The four parts of a story

In the process of doing research for an upcoming book project I’ve been thinking about what happens after the research is done. I haven’t done anything like this before so I’ve ended up repeatedly asking myself,  “How am I going to plan and write this story?” Sure, other writers and creatives have developed and shared their methods for transforming an abstract idea into a thing of beauty. But their methods don’t feel right for me. So, the question remains: “How am I going to plan and write this story?” A few days ago, I came up with an answer: Break the telling of the story down into four constituent parts.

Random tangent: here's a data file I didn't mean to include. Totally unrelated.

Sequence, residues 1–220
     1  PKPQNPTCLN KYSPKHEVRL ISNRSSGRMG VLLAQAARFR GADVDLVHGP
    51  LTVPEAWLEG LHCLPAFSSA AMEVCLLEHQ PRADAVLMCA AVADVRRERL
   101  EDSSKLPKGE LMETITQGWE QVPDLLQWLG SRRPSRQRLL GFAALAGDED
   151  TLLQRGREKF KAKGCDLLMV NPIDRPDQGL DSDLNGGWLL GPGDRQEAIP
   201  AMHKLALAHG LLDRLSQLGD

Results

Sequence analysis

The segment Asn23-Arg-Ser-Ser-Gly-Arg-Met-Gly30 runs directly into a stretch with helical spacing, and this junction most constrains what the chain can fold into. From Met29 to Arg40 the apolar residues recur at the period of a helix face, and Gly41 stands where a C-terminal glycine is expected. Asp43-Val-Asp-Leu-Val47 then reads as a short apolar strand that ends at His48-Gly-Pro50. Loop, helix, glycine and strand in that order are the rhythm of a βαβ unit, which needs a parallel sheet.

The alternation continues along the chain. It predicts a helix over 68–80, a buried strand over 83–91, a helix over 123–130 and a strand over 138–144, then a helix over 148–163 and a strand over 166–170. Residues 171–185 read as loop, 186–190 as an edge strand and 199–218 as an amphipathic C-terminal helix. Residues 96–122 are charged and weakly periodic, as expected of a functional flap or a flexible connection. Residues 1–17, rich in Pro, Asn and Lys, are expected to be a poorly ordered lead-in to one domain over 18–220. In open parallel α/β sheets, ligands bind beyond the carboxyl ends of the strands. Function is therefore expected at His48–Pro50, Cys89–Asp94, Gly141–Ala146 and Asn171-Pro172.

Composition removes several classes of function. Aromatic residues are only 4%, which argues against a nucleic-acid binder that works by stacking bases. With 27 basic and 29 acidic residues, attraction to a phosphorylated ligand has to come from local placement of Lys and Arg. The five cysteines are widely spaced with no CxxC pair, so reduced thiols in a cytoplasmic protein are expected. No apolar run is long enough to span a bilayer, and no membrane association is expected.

1. CHARACTERS – The cast of beings that feature in the story.
2. EVENTS – What happens to the cast.
3. WORLD – The environment and society the story unfolds in.
4. NARRATION – How you describe the above.
That’s it. Everything to do with the telling of a story goes into one of those four categories; character profiles, philosophies and motives fall into the first bucket; anything to do with plot, sub-plots, conflict and tension goes into the second; big-picture concepts and excruciating details of the world are lumped in the third; and directives concerning point of view, voice and inclusion and exclusion are placed in the last.

Obviously, I have yet to try this approach out in real life. But judging by the excitement that met the apparition of the idea it seems like a good way to get started.